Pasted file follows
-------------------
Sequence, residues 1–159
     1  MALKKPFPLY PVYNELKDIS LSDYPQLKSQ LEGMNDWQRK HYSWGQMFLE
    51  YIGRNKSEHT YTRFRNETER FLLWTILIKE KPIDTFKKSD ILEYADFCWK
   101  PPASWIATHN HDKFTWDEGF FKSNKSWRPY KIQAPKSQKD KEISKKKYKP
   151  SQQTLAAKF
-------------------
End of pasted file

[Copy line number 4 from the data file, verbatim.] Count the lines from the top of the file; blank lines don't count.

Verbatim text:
   101  PPASWIATHN HDKFTWDEGF FKSNKSWRPY KIQAPKSQKD KEISKKKYKP